In October 2005 Camp Kyle closed and preperations were made to transfer ownership of the facility to the Republic of Korea. Mention of this shift was made in US-ROK Land Partnership Plan in 2002, when the expected date of closure was 2007.
Camp Kyle was named after Medal of Honor recipient Second Lieutenant Darwin Kyle. More than 130 American servicemen were awarded the Nation's highest honor for actions during the Korean War. Many of those honored names were bestowed on camps and facilities throughout the Republic of Korea.
Camp Kyle was one of the 42 camps north of Seoul authorized Hardship Duty Pay of $150 per month as of 1 January 2001. The Hardship Duty Pay is paid to troops who are permanently assigned to areas where it is authorized or who serve 30 consecutive days of temporary duty in those areas. Several factors are considered in determining whether a location qualified for the pay: climate, physical and social isolation, sanitation, disease, medical facilities, housing, food, recreational and community facilities, political violence, harassment and crime. The extra pay provides meaningful financial recognition to troops assigned in areas where living conditions are substantially below US standards.
After the Gulf War, AMC, and CECOM in particular, increased its reliance on contractor support for sophisticated communications-electronics and weapon systems. CECOM deployed numerous contractors and Army civilian personnel to ensure continuous sustainment support. What was needed was some way of managing these multiple service sources. The solution was a structure that would join all of these service providers into a single, cohesive support entity. The ESSC's provide that structure on a regional basis by acting as an umbrella for all service providers. The "umbrella" was the ESSC staff. A CECOM civilian at each of 4 regional facilities coordinated these efforts and was backed up by a management cell at Fort Monmouth. The 4 ESSC's were located at Fort Bragg, North Carolina; Fort Hood, Texas; Friedrichsfeld, Germany; and Camp Market, Korea. These 4 centers provided support that was diverse enough to support 6 Intelligence Electronic Warfare Regional Support Centers (IEW RSC's). IEW RSC's were located at Fort Bragg; Fort Gordon, Georgia; Fort Hood; and Fort Lewis, Washington. There also was one in Germany, at Friedrichsfeld and Bad Abling, and one in Korea, at Camp Kyle and Camp Humphries. The Tobyhanna forward repair activities were at Fort Bragg, Fort Hood, Germany, and Korea (all collocated with IEW RSC's) and Hawaii. The MSE RSC's were located near the Fort Bragg, Fort Hood, Germany, and Korea ESSC's. IEW RSC's combine CECOM's contractor logistics support and interim contractor support contractors and the major Army commands' limited number of general support-level soldiers into a repair and maintenance force in one general area. This work force provided a broad range of engineering, management, logistics, and technical services. Experts provided over-the-shoulder training to soldiers with lower skill levels and to soldiers at the units.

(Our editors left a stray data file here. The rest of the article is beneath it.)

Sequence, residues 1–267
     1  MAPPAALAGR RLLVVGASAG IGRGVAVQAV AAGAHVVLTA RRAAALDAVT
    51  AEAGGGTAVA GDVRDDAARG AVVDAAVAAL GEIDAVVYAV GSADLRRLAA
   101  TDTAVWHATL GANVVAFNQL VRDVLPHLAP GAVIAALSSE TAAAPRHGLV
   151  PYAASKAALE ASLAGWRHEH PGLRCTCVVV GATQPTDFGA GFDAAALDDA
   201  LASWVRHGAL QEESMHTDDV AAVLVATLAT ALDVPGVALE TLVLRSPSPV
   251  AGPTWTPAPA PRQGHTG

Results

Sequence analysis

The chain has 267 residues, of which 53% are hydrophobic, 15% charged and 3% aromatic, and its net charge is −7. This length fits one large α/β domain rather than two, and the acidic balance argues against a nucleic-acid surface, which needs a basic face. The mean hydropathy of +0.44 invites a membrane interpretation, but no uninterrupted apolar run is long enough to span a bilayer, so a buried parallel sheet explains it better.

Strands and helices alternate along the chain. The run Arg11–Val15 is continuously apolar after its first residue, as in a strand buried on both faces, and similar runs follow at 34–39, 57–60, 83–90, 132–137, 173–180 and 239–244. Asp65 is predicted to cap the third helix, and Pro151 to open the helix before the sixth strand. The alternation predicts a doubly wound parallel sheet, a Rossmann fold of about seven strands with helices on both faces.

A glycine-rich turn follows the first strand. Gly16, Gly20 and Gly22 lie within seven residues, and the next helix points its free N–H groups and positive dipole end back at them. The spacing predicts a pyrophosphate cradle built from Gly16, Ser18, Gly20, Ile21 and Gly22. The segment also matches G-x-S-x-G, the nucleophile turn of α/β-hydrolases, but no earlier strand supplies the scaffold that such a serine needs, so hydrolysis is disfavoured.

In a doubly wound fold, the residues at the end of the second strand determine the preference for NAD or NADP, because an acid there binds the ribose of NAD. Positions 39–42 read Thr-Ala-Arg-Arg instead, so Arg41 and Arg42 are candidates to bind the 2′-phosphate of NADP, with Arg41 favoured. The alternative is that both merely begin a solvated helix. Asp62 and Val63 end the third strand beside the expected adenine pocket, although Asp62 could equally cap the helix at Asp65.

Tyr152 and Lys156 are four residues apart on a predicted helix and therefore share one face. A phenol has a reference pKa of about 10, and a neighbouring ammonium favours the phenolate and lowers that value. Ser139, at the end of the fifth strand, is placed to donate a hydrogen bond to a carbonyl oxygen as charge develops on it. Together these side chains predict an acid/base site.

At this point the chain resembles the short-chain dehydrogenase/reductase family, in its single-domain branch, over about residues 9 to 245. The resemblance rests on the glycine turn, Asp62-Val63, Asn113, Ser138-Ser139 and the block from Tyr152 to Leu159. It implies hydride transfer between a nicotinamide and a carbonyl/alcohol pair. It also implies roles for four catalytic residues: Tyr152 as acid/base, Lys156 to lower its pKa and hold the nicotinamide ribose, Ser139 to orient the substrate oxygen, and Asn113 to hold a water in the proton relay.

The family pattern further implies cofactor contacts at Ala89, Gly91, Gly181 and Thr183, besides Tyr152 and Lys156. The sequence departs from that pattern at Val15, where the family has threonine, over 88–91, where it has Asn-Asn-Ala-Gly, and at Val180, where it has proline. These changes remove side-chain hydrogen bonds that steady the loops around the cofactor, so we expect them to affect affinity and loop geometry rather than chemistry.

On 13 September 2000, the DSCP Food Service Business Unit modified its Prime Vendor contract with USFI Foods to make USFI Foods the distributor of the Unitized Group Ration A Option Ration (UGR-A) in Korea. Under the terms of the contract action, the DSCP Operational Rations Business Unit would order UGR-A from its CONUS contractors, and push the UGR-A rations as Government Furnished Materials (GFM) to the USFI GOCO facilities in Pusan, Camp Humphreys, and Camp Kyle. USFI would store an inventory equivalent to 45 days of estimated demand. The in-country inventory would result in a 7-day order-lead-time for USFK activities, and assure a prompt response for any contingencies. The DSCP Pacific Region Korea Subsistence Support Office at Camp Kyle was newly established, and was not initially staffed.
Responding to a call for help from the South Korean government, US Forces, Korea, soldiers reacted quickly to assist after the collapse of Seoul's Sampoong department store. Among those participating in the rescue efforts were heavy-equipment operators from Camp Kyle's 61st Maintenance Company, 227th Maintenance Battalion, firefighters from Camp Casey and Camp Red Cloud, and an engine and heavy-rescue company from Camp Humphreys. In addition, members of the US Army Corps of Engineers' Pacific Ocean Division, Far East District, arrived from Hawaii with sophisticated sound-detection equipment. Firefighters worked to contain flames in the third basement level so rescue operations could begin. Crews equipped with cutting torches opened a 4-foot-by-4-foot section of the building so USFK and Korean rescue teams could enter the building and reach survivors. Once inside, crews used drills, hammers and torches to tunnel through the debris. Eventually, the crews freed 24 people who had been trapped for more than 50 hours.
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